Previous studies have demonstrated that non-specific bronchial responsiveness to methacholine may be influenced by a number of factors [2, 5, 1119]. On the basis of a review of the literature we excluded subjects presenting characteristics that may influence bronchial reactivity in a "non-physiological" way from our study population: smokers and former smokers, anamnestic asthmatic or bronchitic subjects, atopics, and persons who reported a recent respiratory infection. Moreover, the methacholine challenge was not performed in subjects with spirometric evidence of airway obstruction. Our preliminary analysis showed that among the potential predictor variables considered (i.e., sex, age, height, weight, FEV1, FVC, FEV1 / FVC, FEF25–75%, FEF25–75% / FVC), sex, age and either FEV1, FEF25–75%, or FEF25–75% / FVC had the strongest explanatory power (results not shown). Using pre-test FEV1 in addition to basic variables (sex, age, and height) improves prediction equations for methacholine reactivity, probably due to multiple factors. In subjects with restrictive syndrome, whatever the etiology, airway calibre is better described by absolute values of FEV1 than by the height or weight of subjects. Moreover, the underlying mechanisms of bronchial responsiveness to a pharmacological agent are complex and multifactorial. Several studies suggested that, apart from lung size, other important determinants of non specific bronchial hyperresponsiveness are airway geometry and properties of smooth muscles. Wassmer [15] showed in an adult German population that BHR (defined by a fall in 10% or 20% of FEV1 in methacholine challenge) or bronchial responsiveness (described by dose-response slope) is most strongly predicted by lung function parameters. In a study analyzing hyperreactivity in a large random adult population, Britton [16] showed that FEV1, FEV1 %predicted and FEV1 / FVC were strongly and independently related to BHR, identifying with varying degrees of overlap separate groups of individuals at increased risk of hyperreactivity. In our analysis, however, FEV1 / FVC was not significantly associated with methacholine slope. This may be explained by the exclusion of obstructive and atopic subjects.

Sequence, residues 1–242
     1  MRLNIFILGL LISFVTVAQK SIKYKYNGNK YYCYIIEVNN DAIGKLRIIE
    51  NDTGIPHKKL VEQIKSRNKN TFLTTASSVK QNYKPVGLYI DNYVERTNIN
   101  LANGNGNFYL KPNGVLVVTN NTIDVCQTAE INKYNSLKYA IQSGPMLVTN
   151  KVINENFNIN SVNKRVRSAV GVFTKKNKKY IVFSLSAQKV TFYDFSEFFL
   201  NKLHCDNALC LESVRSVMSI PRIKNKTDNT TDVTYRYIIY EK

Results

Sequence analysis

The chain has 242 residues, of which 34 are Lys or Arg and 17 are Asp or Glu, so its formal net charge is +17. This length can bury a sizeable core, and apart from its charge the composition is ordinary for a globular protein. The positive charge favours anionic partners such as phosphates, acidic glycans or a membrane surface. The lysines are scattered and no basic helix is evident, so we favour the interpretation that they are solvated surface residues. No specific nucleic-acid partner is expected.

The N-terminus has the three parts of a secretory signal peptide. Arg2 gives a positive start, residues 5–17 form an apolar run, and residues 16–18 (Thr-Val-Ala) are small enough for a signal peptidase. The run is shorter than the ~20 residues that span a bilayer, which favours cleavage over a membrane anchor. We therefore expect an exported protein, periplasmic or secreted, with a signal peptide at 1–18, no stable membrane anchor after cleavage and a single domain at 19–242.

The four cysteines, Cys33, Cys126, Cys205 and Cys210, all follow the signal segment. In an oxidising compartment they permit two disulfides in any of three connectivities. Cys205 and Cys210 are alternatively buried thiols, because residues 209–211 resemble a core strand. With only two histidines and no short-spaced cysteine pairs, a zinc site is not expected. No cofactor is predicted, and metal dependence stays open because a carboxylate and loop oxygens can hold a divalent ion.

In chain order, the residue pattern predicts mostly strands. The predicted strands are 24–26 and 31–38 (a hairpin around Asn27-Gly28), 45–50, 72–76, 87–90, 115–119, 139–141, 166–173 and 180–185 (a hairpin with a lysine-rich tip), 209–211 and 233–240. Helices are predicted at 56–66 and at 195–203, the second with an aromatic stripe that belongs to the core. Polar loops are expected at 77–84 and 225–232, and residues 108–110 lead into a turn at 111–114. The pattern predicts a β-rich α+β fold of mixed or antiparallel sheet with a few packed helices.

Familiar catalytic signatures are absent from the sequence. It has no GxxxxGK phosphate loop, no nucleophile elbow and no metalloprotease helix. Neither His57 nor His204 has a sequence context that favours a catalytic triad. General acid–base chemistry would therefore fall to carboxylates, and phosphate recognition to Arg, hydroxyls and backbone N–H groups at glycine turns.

An independent significant effect of age on bronchial methacholine dose-response slope is seen in our population study even after correction for FEV1, showing a negative cross-sectional association between slope and age after adjustment for differences in FEV1. This is an interesting result per se, given that an independent effect of age on BHR has not been consistently documented in the literature [2, 5, 1113, 16].